The California Film Commission hosted the Eighth Annual California Locations Breakfast on April 19 at the London in West Hollywood, Calif. Executive director for the CFC, Amy Lemisch was there to give an overview of this year’s Tax Credit Program and to introduce a special panel designed to discuss the ways in which the CFC can assist a production.
The panel featured the filmmakers of The Call, executive producers Guy Louthan, production designer Franco Carbone and location manager, Michael Burmeister. The panel was hosted by the host of KCRW’s The Business, Kim Masters and gave those involved a chance to explain the benefits and importance of filming in Los Angeles.
After applying to the CFC for the tax credits filming in L.A. would allot them, the makers of The Call found themselves on the waiting list. As they waited for their number to come up, Louthan and company had to find an inexpensive alternative, in case time ran out. Ottawa, Canada was to be that alternative. “We always wanted to do the film in L.A.,” Louthan said. “We never really gave up on that.”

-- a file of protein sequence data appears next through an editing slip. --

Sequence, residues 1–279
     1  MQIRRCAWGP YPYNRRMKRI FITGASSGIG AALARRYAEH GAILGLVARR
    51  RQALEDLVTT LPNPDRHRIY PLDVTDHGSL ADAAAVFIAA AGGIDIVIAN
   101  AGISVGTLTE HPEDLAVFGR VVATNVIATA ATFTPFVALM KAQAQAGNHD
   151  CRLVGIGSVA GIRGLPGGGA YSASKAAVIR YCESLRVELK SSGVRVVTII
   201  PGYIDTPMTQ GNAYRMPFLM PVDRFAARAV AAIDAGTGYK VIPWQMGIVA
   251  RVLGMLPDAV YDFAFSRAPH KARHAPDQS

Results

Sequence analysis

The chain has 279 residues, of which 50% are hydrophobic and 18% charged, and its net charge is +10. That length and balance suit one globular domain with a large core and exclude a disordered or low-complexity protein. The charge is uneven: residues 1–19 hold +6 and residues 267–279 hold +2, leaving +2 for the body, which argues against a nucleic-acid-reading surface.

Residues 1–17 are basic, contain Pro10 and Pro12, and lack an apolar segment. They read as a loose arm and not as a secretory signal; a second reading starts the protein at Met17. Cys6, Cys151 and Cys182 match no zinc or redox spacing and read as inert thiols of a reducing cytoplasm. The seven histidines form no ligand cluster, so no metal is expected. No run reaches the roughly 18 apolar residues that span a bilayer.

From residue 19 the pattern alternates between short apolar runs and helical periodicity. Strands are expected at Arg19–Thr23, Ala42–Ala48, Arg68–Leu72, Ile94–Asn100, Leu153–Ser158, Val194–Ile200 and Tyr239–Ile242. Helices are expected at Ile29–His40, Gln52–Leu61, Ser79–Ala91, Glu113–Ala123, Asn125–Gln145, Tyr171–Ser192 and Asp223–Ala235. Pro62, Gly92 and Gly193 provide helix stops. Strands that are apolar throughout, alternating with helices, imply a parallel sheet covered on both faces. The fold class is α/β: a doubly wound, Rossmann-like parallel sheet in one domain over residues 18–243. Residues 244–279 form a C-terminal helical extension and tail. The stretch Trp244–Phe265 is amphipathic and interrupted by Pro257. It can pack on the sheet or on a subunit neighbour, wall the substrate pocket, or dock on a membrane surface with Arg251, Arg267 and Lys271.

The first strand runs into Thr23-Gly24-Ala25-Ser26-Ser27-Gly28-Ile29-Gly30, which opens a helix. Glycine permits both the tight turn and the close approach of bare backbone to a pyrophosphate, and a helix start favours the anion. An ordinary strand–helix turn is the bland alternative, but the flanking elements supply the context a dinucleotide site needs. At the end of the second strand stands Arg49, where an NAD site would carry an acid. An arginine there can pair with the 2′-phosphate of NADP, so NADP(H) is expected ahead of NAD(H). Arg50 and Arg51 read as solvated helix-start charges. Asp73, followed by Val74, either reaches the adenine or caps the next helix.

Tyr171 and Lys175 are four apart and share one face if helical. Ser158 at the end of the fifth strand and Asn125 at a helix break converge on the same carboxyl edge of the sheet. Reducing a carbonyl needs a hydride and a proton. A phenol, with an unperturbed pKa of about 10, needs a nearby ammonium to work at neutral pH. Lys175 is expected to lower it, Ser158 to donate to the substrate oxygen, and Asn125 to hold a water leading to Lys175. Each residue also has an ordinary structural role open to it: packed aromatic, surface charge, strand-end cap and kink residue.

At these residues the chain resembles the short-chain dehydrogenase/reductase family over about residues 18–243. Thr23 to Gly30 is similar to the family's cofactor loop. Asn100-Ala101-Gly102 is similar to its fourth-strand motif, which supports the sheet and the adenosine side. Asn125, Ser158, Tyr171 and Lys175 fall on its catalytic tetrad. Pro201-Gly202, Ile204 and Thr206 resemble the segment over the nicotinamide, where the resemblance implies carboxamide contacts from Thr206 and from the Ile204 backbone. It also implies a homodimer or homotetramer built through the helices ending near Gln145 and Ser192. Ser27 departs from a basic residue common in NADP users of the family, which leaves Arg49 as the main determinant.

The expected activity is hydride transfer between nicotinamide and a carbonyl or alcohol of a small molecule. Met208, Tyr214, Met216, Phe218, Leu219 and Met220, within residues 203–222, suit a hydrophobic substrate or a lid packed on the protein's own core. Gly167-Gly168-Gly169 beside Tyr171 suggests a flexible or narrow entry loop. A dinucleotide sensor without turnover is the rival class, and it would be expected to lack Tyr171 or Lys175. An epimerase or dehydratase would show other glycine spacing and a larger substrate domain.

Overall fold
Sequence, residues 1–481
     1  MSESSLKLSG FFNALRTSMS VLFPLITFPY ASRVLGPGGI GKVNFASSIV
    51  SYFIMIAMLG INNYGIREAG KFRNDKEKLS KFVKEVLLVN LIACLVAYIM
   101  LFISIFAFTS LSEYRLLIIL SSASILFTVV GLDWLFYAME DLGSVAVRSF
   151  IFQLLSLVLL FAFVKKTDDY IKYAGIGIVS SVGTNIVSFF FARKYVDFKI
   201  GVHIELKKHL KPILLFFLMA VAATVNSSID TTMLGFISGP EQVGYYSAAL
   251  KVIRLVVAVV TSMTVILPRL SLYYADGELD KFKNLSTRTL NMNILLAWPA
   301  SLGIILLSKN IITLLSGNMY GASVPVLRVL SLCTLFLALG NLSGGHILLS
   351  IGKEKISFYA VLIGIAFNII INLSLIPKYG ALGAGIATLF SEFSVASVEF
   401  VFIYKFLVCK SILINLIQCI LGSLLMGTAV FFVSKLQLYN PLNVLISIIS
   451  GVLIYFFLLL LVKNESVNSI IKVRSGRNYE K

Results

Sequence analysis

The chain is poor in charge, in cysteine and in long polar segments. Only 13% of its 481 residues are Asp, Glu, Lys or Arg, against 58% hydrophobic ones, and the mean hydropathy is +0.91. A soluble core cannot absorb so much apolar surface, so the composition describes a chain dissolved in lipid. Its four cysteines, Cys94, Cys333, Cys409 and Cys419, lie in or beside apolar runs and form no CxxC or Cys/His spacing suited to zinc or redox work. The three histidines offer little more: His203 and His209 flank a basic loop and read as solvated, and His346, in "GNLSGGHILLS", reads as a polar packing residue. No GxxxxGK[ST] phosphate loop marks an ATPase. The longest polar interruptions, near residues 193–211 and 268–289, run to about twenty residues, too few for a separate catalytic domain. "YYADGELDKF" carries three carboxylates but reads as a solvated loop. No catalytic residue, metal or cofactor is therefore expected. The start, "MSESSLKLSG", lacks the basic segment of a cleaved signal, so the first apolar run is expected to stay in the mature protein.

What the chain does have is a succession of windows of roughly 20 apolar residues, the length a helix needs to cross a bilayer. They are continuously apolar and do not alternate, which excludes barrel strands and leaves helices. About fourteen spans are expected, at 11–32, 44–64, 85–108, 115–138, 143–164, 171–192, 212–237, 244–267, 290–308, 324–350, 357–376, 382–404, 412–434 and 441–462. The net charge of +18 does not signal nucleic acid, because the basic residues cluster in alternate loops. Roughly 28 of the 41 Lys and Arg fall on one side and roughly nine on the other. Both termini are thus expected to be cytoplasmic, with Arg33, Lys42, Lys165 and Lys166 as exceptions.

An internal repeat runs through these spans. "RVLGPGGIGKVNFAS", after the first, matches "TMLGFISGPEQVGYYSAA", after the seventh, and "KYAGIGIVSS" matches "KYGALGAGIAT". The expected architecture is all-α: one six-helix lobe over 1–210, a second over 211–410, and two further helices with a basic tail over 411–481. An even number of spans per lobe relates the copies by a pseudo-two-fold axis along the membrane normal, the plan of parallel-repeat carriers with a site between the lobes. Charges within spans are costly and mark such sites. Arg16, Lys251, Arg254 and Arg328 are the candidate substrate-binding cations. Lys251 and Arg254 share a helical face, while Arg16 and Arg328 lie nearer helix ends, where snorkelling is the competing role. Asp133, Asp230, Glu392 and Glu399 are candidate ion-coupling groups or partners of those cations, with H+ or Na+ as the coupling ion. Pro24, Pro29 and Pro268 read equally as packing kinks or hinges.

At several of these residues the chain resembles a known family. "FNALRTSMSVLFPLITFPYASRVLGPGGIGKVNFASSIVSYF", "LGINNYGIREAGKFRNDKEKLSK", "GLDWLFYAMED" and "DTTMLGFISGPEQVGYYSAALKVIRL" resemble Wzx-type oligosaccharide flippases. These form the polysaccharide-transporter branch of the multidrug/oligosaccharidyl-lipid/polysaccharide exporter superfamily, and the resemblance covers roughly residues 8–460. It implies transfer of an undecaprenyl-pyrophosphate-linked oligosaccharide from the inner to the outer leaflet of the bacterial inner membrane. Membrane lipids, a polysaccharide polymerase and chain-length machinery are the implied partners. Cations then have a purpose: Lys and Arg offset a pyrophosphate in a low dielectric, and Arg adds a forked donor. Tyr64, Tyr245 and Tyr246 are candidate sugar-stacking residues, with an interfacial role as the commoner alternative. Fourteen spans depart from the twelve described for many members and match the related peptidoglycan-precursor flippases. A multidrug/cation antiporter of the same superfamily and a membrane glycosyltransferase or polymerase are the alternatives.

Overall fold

Also, the cast and crew had personal reasons for wanting to keep the production local. Lead actress Halle Berry recently announced a pregnancy and Carbone recently swore off traveling for work – even if it meant not working. It soon became clear that the inconvenience of leaving L.A. may have been a deal breaker. “We knew we were going to get a much better movie there,” Louthan said. “We also knew we were going to keep everybody a lot happier.”
“From the story point of view, L.A. is critical,” Carbone said. “These freeways aren’t just sort of random freeways, they really have to do with the fact that these call center technicians had to handle a very difficult territory.”
Professional complications can also detract from filming outside of L.A. “Shooting out of state isn’t as easy as anyone thinks it is,” said Burmeister, who recently filmed two Twilight films in Baton Rouge, La. “I go to Baton Rouge and I’m hiring people who are horse trainers as location managers. You’re teaching people from scratch.”
After shooting the film in just 23 days for approximately $11 million, The Call came into being and had the good fortune of becoming part of the long, distinguished history of California films . Before the panel started, Lemisch informed those present that the CFC will begin accepting applications for the new fiscal year June 3. She also reminded everyone that, to apply for multiple projects, one must submit each application separately in an individual envelope. The approval process takes about 30 days, meaning approved applicants should receive credit allocation letters on or after July 1.